Now a National Historic Site, pieces of the past live on in compelling ways. The Rennie Museum’s contemporary art collection is displayed in Chinatown’s oldest edifice, the 1189 Wing Sang Building. Things get meta with its new exhibit, Spring 2019: Collected Works, a deep dive into collected objects, including photographer Catherine Opie’s portraiture, not of Elizabeth Taylor’s famous face, but rather the screen legend’s home and personal items within.
Echos of 14th-century Suzhou (a UNESCO World Heritage Site) reverberate throughout Dr. Sun Yat-Sen Classical Chinese Garden, especially in spring when the plum trees are in bloom. Carved woodwork, hand-fired roof tiles, and lattice windows are the masterstrokes of 53 artisans who came from China to construct this “scholar’s garden” using centuries-old techniques. It’s no wonder National Geographic named it the World’s Best City Garden in 2011.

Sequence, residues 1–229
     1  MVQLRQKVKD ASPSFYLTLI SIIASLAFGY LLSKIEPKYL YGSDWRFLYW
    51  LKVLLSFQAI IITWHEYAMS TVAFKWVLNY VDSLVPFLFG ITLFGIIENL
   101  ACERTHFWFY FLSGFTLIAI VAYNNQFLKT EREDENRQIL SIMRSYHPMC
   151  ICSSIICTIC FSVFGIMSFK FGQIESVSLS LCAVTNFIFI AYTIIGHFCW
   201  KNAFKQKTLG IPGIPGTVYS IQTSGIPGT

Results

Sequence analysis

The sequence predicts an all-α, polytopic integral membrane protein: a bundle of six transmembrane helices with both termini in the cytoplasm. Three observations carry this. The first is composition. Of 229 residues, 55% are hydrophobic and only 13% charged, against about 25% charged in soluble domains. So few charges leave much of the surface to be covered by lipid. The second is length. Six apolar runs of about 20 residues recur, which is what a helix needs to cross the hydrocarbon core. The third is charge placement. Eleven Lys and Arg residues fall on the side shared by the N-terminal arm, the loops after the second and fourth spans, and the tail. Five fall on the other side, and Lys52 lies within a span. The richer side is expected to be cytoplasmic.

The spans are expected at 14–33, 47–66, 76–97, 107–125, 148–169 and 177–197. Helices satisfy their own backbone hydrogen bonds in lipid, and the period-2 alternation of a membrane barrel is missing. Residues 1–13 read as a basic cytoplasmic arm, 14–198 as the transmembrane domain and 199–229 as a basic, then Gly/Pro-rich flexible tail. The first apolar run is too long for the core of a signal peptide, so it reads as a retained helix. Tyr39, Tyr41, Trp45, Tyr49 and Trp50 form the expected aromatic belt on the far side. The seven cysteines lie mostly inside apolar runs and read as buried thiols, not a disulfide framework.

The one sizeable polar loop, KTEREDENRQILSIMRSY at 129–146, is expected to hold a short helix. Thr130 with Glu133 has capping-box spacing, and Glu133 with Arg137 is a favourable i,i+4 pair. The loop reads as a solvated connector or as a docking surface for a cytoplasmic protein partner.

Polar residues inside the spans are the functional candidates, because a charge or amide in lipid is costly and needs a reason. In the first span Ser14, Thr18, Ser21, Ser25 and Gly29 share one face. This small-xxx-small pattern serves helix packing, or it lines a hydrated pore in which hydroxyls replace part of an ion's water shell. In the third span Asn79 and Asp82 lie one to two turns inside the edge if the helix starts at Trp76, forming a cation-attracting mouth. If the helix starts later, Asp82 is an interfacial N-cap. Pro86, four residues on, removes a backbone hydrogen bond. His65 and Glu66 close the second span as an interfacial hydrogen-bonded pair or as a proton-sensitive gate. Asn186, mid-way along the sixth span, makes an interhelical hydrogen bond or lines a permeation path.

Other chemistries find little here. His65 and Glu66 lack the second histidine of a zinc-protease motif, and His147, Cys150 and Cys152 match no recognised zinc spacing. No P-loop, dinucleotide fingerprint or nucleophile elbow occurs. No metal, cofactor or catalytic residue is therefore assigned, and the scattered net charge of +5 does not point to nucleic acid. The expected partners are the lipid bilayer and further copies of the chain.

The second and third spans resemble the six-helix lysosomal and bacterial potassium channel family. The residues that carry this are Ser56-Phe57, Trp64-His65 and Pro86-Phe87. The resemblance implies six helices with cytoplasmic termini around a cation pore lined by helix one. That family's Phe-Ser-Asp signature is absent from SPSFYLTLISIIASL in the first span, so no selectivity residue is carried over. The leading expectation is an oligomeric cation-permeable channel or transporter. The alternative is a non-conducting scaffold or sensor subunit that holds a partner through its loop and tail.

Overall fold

Discover the mountains: What’s more thrilling than taking Grouse Mountain’s Skyride (North America’s largest aerial tramway system) to the peak of Vancouver? Having breakfast with the grizzly bears who live in the mountain’s wildlife refuge! In spring, Grinder and Coola, who were orphaned as cubs, awaken from hibernation. On the mountain you can find solitude trekking the lupin-lined trails, fly through the sky on a zipline, and test your balance on an aerial-ropes course that traverses the forest canopy.
Go whale watching:
Spring is prime time for spotting pods of killer whales (also called orcas) and grey whales the size of a bus, which migrate to Vancouver’s coast waters to feed. Whale-watching excursions depart from Granville Island and Coal Harbour downtown, making it easy to get out onto the water and to see wildlife, including incredible bald eagles whose wing spans stretch up to eight feet.